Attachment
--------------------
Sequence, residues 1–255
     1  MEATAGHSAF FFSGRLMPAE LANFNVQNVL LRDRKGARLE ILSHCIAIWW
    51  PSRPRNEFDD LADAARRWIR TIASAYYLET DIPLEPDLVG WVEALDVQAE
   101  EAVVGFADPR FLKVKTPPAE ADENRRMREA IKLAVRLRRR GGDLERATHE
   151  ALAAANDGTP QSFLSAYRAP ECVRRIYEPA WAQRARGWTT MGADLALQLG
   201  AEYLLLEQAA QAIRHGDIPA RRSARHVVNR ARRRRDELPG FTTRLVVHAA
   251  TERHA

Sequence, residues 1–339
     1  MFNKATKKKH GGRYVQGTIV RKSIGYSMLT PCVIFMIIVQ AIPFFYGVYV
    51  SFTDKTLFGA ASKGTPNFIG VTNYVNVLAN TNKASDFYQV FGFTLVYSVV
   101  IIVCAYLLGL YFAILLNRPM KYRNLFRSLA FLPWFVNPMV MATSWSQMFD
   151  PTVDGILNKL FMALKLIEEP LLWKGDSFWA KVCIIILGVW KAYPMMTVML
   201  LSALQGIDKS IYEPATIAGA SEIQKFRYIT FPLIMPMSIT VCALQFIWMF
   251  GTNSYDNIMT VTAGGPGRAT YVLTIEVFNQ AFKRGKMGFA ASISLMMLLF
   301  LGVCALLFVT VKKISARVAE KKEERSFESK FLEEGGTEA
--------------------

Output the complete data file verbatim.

Sequence, residues 1–255
     1  MEATAGHSAF FFSGRLMPAE LANFNVQNVL LRDRKGARLE ILSHCIAIWW
    51  PSRPRNEFDD LADAARRWIR TIASAYYLET DIPLEPDLVG WVEALDVQAE
   101  EAVVGFADPR FLKVKTPPAE ADENRRMREA IKLAVRLRRR GGDLERATHE
   151  ALAAANDGTP QSFLSAYRAP ECVRRIYEPA WAQRARGWTT MGADLALQLG
   201  AEYLLLEQAA QAIRHGDIPA RRSARHVVNR ARRRRDELPG FTTRLVVHAA
   251  TERHA

Sequence, residues 1–339
     1  MFNKATKKKH GGRYVQGTIV RKSIGYSMLT PCVIFMIIVQ AIPFFYGVYV
    51  SFTDKTLFGA ASKGTPNFIG VTNYVNVLAN TNKASDFYQV FGFTLVYSVV
   101  IIVCAYLLGL YFAILLNRPM KYRNLFRSLA FLPWFVNPMV MATSWSQMFD
   151  PTVDGILNKL FMALKLIEEP LLWKGDSFWA KVCIIILGVW KAYPMMTVML
   201  LSALQGIDKS IYEPATIAGA SEIQKFRYIT FPLIMPMSIT VCALQFIWMF
   251  GTNSYDNIMT VTAGGPGRAT YVLTIEVFNQ AFKRGKMGFA ASISLMMLLF
   301  LGVCALLFVT VKKISARVAE KKEERSFESK FLEEGGTEA